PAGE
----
Here is the full Make with Me, with Sarah, Niall, Terry E., Terry G. and Clare.

Later, I used another Chrome add-one to make gifs of each participant for sharing on Twitter, which Sheri apparently pulled into one larger gif.

 

The question we were considering, why gif and why animation? played out a few ways as Sarah led us in discussion. Niall talked about how using animations in science classes allows for a visual way to teach complex topics (and allowing students to make animations of a science concept would demonstrate learning).

Clare talked about using animation with Lego Avatars with medical students, as an alternative way to spark discussion about reflection of practice. Terry G. and Terry E. both talked about the aspects of fun and being creative with various tools, using short video to make a point or to tap into pop culture. I shared how often I find myself, and my students, “breaking” the technology in order to make it do things it was not necessarily designed to do.

And there’s more in there …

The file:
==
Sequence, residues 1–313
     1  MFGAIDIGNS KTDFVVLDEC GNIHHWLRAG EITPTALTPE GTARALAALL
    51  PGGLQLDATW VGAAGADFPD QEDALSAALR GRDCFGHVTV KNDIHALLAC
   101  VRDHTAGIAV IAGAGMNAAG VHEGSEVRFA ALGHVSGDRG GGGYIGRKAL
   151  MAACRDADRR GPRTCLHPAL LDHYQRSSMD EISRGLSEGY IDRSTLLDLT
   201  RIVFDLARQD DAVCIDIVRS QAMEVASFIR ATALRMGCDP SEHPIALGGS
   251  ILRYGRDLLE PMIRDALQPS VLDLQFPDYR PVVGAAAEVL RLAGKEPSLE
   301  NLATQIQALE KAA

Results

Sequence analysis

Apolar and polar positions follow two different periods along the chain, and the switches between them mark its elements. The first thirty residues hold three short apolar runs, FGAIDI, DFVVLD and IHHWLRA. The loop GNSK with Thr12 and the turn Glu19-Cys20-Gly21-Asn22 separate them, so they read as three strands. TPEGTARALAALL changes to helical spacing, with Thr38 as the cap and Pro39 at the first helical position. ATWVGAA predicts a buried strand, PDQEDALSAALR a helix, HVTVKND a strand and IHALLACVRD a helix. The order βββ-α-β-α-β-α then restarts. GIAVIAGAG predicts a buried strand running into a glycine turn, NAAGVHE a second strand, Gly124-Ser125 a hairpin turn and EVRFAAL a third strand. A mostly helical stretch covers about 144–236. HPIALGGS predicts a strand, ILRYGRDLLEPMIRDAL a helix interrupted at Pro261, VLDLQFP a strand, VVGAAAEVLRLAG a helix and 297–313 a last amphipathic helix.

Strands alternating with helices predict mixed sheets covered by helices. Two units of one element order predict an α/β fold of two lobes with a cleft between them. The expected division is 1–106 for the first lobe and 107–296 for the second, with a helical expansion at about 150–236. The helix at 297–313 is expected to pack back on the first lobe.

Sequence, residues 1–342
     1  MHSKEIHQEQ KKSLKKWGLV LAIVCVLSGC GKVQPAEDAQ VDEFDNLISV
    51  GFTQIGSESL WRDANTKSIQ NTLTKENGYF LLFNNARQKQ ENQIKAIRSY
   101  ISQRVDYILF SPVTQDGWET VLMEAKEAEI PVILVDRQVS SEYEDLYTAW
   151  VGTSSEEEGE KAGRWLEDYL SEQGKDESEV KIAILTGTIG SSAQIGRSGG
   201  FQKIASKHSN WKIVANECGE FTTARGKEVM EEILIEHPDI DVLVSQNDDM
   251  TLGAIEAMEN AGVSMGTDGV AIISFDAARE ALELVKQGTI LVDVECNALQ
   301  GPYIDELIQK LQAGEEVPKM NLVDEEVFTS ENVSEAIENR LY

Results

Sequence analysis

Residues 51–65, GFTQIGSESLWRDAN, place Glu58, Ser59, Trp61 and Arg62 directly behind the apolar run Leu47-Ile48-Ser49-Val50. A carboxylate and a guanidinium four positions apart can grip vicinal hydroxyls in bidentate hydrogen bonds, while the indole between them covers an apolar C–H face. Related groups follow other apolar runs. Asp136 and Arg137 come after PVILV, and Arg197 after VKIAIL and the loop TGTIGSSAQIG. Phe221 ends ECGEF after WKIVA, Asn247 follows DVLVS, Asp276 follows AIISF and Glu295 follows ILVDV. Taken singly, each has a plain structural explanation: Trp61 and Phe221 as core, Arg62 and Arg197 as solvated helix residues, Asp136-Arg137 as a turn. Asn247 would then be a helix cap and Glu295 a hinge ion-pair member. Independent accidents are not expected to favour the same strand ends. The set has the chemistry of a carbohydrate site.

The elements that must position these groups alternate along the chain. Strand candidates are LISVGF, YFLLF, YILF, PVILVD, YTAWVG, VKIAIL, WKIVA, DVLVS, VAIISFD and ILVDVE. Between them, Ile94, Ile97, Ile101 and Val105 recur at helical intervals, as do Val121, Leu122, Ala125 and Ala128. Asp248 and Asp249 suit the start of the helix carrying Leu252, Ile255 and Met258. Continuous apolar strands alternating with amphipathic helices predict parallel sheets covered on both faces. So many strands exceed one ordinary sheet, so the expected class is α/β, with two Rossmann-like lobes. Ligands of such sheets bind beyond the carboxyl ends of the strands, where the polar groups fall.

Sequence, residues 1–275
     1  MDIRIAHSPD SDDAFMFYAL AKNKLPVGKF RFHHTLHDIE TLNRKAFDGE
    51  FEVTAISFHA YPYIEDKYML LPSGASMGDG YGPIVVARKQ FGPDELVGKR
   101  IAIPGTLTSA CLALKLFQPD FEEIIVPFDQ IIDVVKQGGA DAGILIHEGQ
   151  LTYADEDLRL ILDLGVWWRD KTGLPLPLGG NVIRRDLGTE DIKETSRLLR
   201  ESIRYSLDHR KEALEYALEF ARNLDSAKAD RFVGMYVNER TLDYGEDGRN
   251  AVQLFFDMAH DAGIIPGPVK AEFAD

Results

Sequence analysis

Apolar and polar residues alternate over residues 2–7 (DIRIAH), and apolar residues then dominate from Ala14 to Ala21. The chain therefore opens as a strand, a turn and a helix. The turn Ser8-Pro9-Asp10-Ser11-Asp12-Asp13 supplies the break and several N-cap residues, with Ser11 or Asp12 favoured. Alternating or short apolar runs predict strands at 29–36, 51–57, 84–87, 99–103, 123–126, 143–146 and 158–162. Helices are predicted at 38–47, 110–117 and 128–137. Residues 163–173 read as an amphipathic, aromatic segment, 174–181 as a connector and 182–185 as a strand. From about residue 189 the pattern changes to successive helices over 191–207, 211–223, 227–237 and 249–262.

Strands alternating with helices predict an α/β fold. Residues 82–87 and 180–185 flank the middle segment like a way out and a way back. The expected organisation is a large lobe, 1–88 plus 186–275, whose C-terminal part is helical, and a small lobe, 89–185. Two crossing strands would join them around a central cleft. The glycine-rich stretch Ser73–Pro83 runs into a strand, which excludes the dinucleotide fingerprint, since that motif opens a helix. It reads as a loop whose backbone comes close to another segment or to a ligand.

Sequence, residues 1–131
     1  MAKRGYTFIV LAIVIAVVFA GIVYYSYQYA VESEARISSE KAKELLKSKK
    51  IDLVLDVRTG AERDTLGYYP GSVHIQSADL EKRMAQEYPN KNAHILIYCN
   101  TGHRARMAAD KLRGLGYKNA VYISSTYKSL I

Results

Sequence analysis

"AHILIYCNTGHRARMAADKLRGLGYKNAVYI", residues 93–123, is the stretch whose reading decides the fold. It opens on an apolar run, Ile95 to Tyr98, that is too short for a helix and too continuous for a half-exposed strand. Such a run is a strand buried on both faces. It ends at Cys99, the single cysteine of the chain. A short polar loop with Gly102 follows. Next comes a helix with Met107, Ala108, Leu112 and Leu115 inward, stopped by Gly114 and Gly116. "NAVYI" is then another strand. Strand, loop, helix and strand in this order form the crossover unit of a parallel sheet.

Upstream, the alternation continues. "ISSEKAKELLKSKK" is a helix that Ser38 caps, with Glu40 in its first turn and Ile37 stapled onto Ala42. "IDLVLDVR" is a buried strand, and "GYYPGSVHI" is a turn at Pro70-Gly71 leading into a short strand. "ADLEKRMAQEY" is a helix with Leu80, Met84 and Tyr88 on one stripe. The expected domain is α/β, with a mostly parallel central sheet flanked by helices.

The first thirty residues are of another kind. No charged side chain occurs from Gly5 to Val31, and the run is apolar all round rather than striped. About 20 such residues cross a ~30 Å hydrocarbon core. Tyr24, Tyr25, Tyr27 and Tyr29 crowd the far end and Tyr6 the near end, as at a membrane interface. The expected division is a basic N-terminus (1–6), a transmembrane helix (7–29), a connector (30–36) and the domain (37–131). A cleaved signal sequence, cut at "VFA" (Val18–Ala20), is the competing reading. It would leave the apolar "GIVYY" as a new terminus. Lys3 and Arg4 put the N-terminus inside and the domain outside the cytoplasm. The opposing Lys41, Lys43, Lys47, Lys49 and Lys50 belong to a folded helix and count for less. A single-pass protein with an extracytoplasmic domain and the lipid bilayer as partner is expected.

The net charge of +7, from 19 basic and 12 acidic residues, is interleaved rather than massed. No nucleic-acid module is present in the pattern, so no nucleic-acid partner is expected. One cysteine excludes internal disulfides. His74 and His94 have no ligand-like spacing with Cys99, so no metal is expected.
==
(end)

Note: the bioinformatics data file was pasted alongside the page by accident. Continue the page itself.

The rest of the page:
We have a Twitter Chat planned for tomorrow (Thurs) on animation and gifs, so come join the conversation with the #clmooc hashtag. It all starts at 1 p.m. EST

Peace (in forward motion),
Kevin

Animating Text for Kinetic Poetry

I’ve long been fascinated by Kinetic Text or Kinetic Typography (I’m never quite sure what to call it) in which words and/or letters of words are animated. In the Connected Learning MOOC (CLMOOC) this week, we are exploring animation and GIFs, so animated text has come to mind for me.

You can read about my explorations a bit here, at the new National Writing Project/Educator Innovator site The Current (formerly Digital Is) and in there are some of my reflections on creating the following poem with Powerpoint and its animation features that are built within. (Note: the resource is a few years old now and not every link to resource might be working). You basically have to use a single slide, and make every word you want to animate a different “object” so you can move it independently from the rest.

A Warning: An Illuminated Poem from Mr. Hodgson on Vimeo.

And there is one, done in similar fashion in Keynote as part of another exploration of technology and poetry:

And last year, during CLMOOC, we kept an open document as a slow chat, and I took the comments in the margins to make this poem in Keynote:

Lately, I have been using an app that Terry Elliott showed me called Legend, which allows for short textural animations.

You can’t get as detailed as some of the above with individual words, so you lose some of the emphasis. But I like the app for what it is and how the limited text and features forces you to focus on the words.